Thursday, April 14, 2016

Humans Gave Neanderthals Herpes

Among other tropical diseases, humans brought herpes (herpes simplex 2 virus) to Neanderthals living in Eurasia when they migrated northward from Africa.  Geneticists at Cambridge University speculate that the answer to the planet's oldest 'who dunit'--what killed the Neanderthals--may lie in the spread of diseases for which our hominid cousins had no immunity.  Heliobacter pylori, which causes stomach ulcers, is another human germ brought to Eurasia by humans.  The bacteria infected humans in Africa 116,000 to 88,000 years ago and arrived in Europe 52,000 years ago. Genetic evidence shows the two species co-existed and interbred for thousands of years before Neanderthals eventually died out.  About 2-5% of the modern European genome consists of Neanderthal DNA.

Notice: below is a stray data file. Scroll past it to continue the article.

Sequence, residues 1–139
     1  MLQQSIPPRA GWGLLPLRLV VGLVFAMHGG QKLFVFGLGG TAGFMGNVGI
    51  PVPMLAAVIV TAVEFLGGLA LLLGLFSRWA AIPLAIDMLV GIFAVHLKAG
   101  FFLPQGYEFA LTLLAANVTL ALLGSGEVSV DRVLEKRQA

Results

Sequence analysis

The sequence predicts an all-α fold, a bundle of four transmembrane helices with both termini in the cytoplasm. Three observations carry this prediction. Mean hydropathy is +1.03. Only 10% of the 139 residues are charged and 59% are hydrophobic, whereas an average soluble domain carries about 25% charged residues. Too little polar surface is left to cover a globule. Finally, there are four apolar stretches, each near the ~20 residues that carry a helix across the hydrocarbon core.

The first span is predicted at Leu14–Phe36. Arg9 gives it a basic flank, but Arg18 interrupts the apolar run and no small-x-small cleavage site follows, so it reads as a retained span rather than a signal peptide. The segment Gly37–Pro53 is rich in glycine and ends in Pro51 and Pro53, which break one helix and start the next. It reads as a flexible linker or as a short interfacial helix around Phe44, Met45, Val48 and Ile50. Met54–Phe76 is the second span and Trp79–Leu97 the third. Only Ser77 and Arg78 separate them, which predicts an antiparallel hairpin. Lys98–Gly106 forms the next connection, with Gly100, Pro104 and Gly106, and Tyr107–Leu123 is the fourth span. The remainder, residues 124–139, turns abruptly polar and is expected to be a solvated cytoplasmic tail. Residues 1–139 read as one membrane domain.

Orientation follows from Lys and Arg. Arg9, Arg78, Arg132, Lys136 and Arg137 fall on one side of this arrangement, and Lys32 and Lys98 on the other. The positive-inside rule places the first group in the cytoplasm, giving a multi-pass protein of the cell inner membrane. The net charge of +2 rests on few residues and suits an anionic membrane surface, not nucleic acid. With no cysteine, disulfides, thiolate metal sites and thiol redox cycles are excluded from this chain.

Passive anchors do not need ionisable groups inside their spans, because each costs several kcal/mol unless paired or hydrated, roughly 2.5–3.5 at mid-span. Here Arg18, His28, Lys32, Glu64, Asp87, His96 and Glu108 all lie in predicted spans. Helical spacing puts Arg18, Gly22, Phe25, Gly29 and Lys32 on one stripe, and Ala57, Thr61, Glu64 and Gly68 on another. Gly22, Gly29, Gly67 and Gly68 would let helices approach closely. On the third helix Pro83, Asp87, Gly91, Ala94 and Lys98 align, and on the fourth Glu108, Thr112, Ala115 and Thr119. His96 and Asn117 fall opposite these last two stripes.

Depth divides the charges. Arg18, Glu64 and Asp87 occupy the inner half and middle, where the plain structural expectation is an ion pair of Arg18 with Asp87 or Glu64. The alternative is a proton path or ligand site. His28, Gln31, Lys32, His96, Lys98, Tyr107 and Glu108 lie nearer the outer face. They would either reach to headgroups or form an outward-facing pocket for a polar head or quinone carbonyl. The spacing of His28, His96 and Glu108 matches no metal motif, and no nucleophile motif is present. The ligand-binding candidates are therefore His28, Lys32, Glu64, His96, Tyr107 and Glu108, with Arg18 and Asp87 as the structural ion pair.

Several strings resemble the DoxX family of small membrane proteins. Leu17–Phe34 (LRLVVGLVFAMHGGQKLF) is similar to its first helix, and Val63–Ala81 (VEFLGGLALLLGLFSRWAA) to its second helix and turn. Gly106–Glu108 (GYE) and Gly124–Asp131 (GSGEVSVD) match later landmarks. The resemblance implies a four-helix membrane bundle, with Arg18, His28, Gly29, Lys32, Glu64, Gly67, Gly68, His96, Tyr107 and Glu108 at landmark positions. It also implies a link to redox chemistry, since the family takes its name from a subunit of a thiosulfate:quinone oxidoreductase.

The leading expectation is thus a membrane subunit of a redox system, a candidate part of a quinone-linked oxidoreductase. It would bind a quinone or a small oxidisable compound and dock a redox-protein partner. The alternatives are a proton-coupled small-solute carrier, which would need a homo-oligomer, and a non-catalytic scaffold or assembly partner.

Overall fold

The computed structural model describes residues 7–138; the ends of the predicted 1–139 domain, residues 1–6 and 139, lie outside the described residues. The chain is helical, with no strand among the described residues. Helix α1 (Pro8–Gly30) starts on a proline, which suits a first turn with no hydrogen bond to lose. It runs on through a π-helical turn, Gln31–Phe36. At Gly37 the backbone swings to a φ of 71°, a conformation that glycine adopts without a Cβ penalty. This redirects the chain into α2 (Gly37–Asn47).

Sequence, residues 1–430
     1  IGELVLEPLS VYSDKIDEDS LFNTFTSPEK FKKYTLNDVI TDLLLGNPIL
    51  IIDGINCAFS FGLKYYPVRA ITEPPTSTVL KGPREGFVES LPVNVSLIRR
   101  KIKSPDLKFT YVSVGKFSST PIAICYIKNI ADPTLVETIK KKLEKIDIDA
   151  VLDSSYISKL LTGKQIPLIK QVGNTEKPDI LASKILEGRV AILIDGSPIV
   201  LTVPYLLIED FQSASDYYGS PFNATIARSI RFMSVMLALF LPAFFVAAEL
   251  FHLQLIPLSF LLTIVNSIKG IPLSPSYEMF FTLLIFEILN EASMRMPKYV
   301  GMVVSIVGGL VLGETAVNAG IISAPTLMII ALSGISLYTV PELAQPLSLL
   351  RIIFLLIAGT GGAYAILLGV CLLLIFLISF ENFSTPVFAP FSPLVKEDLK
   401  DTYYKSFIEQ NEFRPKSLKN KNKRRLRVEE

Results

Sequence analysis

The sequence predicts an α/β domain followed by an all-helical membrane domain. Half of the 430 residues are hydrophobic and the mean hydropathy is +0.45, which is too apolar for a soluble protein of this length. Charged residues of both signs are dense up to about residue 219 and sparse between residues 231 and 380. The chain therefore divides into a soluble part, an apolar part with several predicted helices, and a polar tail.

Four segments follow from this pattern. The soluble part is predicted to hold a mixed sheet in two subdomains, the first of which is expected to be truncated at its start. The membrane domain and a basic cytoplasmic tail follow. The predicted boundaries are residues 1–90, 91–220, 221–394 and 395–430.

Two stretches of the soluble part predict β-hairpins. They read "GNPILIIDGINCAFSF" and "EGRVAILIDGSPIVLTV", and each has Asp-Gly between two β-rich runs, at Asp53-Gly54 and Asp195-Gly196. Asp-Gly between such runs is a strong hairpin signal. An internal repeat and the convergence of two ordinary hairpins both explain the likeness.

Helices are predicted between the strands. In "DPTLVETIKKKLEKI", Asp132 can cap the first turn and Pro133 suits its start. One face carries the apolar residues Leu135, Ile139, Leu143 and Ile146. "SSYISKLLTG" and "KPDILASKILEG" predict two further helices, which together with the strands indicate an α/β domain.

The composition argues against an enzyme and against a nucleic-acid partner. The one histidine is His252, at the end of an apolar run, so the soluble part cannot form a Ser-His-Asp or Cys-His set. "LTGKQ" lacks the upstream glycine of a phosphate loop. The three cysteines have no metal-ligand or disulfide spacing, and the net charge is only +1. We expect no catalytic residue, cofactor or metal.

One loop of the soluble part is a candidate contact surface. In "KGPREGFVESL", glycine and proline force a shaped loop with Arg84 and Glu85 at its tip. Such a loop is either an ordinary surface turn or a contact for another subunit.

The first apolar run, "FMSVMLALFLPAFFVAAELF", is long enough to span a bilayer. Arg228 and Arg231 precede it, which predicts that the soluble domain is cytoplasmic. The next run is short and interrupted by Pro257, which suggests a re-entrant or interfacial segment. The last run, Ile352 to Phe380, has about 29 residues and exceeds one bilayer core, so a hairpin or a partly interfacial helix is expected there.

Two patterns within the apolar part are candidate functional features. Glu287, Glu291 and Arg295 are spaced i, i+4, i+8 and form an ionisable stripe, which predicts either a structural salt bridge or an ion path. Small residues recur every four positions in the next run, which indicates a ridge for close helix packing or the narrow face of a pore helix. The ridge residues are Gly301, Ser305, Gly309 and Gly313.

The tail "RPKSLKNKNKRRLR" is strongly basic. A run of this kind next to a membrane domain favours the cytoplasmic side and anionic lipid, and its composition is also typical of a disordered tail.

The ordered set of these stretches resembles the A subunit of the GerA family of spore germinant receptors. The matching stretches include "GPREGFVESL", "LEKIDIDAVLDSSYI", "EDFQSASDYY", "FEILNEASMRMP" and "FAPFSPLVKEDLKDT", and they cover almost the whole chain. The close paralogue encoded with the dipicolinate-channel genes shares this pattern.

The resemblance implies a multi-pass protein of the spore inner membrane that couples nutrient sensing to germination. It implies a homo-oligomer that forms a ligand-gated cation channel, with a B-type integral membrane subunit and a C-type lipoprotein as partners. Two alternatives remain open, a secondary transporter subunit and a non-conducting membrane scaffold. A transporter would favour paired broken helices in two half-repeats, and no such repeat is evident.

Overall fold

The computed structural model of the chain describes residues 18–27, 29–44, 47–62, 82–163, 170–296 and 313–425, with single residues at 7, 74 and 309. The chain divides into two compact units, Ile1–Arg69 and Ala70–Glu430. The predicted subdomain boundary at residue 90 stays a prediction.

There is growing scientific consensus that Homo neanderthalensis was out-competed by modern humans and the disease theory fits that scenario.  Weakened by disease, individual bands of Neanderthals whose gene pool was already shrinking due to geographic isolation could not have competed successfully with their more immune neighbors despite growing evidence they were as intelligent as the recent arrivals from Africa. Stone tools indicating an adept user have been found associated with Neanderthal remains as have bone tools.  A building 26 feet wide created about 44,000 years ago from mammoth bones has been unearthed by researchers in France.  They may have adorned themselves with jewelry made from animal parts and engaged in art.  More genetic evidence indicates Neanderthals possessed the genetic code that allows humans to talk even though advanced mammals communicate effectively without talking.